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The Future Belongs to “Morphing” Drones


October 7, 2021

By Tom Atwood

A recent article from Business Insider weighed in on the future of drones, suggesting that “whether these unmanned aircrafts [drones] are controlled by a remote or accessed via a smartphone app, they possess the capability of reaching the most remote areas with little to no manpower needed, and require the least amount of effort, time, and energy.” As part of the article, the site predicted the following future generations:


Generation 1: Basic remote control aircraft of all forms

Generation 2: Static design, fixed camera mount, video recording and still photos, manual piloting control

Generation 3: Static design, two-axis gimbals, HD video, basic safety models, assisted piloting

Generation 4: Transformative designs, Three-axis gimbals, 1080P HD video or higher-value instrumentation, improved safety modes, autopilot modes

Generation 5: Transformative designs, 360° gimbals, 4K video or higher-value instrumentation, intelligent piloting modes

Generation 6: Commercial suitability, safety and regulatory standards based design, platform and payload adaptability, automated safety modes, intelligent piloting models and full autonomy, airspace awareness

Generation 7: Complete commercial suitability, fully compliant safety and regulatory standards-based design, platform and payload interchangeability, automated safety modes, enhanced intelligent piloting models and full autonomy, full airspace awareness, auto action (takeoff, land, and mission execution)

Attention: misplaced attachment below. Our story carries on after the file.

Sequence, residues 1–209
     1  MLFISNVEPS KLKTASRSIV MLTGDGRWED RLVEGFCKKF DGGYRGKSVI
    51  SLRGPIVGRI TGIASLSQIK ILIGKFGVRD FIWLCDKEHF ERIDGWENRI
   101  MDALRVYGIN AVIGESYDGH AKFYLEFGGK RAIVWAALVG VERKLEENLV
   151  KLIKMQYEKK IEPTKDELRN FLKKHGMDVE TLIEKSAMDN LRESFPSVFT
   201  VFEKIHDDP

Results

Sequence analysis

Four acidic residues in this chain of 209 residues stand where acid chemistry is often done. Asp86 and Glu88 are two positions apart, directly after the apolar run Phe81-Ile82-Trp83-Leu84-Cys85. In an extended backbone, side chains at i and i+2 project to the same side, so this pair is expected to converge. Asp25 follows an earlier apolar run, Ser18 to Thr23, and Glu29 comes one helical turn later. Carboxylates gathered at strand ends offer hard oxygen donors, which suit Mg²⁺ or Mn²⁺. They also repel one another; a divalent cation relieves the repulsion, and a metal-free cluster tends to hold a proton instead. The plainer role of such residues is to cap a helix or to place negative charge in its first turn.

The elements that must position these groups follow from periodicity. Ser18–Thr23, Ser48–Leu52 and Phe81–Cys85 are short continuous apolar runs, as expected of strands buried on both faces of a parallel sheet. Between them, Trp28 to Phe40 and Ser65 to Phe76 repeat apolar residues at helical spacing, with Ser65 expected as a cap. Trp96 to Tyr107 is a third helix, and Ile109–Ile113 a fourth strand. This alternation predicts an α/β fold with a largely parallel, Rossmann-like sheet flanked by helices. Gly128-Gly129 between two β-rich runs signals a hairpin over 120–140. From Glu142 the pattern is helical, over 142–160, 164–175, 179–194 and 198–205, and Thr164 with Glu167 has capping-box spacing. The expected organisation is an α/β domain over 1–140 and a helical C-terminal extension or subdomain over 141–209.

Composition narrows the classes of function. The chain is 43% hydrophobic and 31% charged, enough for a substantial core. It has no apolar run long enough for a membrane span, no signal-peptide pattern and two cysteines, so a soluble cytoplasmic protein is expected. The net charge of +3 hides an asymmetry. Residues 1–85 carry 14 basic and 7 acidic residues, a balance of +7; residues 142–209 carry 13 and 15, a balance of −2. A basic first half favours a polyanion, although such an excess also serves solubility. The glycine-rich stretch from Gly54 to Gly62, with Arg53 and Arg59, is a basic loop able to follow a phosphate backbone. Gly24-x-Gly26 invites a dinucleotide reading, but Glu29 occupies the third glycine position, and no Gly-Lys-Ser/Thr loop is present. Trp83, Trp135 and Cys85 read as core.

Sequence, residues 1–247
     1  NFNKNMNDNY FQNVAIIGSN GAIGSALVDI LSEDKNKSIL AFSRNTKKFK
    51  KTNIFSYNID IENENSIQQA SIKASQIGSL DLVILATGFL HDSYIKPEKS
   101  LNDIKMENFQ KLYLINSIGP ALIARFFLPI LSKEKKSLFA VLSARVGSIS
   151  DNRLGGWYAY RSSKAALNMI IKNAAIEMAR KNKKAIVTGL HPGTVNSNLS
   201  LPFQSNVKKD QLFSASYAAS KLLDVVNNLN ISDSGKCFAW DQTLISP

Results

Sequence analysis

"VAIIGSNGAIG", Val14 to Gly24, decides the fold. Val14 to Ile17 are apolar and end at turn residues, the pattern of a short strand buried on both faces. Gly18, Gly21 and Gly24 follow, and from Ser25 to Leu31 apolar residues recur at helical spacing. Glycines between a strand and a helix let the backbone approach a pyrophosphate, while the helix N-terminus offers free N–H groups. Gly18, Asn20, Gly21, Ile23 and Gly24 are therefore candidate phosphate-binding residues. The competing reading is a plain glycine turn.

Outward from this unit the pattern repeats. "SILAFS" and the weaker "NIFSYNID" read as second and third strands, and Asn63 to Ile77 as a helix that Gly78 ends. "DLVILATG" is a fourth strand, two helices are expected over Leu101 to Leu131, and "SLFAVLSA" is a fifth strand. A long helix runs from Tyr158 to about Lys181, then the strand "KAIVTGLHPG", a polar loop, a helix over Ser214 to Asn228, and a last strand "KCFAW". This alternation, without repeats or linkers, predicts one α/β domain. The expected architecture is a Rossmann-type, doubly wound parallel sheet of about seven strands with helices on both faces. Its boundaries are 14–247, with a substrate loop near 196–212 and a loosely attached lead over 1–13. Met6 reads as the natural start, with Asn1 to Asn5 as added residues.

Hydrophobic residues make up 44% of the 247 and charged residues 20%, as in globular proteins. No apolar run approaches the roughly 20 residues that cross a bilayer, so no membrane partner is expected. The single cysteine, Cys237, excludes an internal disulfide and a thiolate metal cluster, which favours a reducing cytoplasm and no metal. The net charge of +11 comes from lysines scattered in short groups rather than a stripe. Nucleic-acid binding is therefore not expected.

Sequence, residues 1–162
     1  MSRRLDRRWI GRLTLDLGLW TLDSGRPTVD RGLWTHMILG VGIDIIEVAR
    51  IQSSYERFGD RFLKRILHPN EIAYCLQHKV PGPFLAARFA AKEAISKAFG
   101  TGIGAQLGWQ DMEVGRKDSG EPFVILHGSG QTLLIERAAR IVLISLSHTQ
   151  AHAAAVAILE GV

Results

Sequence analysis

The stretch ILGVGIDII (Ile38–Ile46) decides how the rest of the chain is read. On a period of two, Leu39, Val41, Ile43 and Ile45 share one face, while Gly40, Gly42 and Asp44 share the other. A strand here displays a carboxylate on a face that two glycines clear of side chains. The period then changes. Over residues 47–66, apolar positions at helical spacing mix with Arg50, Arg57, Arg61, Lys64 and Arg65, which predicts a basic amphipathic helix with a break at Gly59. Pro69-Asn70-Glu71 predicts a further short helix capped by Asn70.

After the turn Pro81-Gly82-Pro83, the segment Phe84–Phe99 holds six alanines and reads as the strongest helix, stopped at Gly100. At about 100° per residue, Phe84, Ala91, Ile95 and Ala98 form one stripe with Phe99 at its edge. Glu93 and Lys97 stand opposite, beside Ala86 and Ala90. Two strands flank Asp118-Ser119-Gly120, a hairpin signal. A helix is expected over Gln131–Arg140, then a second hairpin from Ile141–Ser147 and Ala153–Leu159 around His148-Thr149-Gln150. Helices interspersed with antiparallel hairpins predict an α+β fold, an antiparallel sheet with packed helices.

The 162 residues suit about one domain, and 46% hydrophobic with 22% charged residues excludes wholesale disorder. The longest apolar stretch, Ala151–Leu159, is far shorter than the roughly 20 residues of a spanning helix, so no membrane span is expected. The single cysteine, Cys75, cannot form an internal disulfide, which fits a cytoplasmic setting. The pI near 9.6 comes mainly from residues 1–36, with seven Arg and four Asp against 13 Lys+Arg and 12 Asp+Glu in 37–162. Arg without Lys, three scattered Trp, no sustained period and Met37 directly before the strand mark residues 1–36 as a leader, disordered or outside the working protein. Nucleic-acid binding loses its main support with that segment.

We add a caveat to this – the emergence of “morphing” drones marks the dawn of a new era of “Transformers” that will dominate the skies.

The signature example is the Pterodynamics Transwing (top photo). This vertical takeoff and landing (VTOL) design sits on the ground like any quadcopter, rises vertically powered by four motor pods, and then begins to lean in the direction of its intended heading while transforming in the air. The Transwing unfolds into a fixed wing airplane that flies horizontally like a conventional aircraft.

With a little tinkering by designers, other VTOL airframes could, and we think will, execute similar transformations. For example, the vehicle could launch as a single-fan “Discopter”, multi-fan quadcopter, hexcopter, or other type, and then morph into a shape that is efficient at high-speed horizontal flight. Suitable transformer platforms for horizontal flight range from traditional, tapered or delta wings to full flying wings like the Airbus ZEROe, to joined wing aircraft like the Parsifal Project design.

The Pterodynamics Transwing has launched a drone revolution. It is the beginning of a new era of flying transformers and marks a sea change in unmanned aerial mobility.

The following are photos of the Transwing and other future concept designs:

Ptero 2

After taking off, the Pterodynamics Transwing begins to transform from its VTOL design.

Ptero 3

Illustration showing the transformation from VTOL to fixed wing design.

Ptero 4

Once the transformation is complete, the Transwing looks and acts like a fixed wing aircraft.

Ptero5 unfolding

Various stages of the Pterodynamics Transwing.

Ptero6 insky

The Pterodynamics Transwing in flight.

Discopter courtesy AOPA

The Discopter prototype is made of a stack of massive circular aluminum tubing supporting seats for five to nine passengers. The design envisions twin, 450-hp automotive engines spinning a massive rotor beneath the passenger area, enabling a theoretical range of up to 540 nm at speeds of 110 to 135 knots. Discopter image courtesy of AOPA.

PRP PranddtlPlane

The “PrandtPlane” box wing platform is projected to carry half again more passengers than a Boeing 737. Illustration courtesy of the Parsifal Project.

Airbus Zeroe

The Airbus ZeroE BWB. Image courtesy of BBC REEL


Parsifal Project

Joined wing concept. Image courtesy of Parsifal Project.


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Tom Atwood is an associate editor at Robotics-World, a general partner at Robotics Data, and the executive director of The National Robotics Education Foundation.

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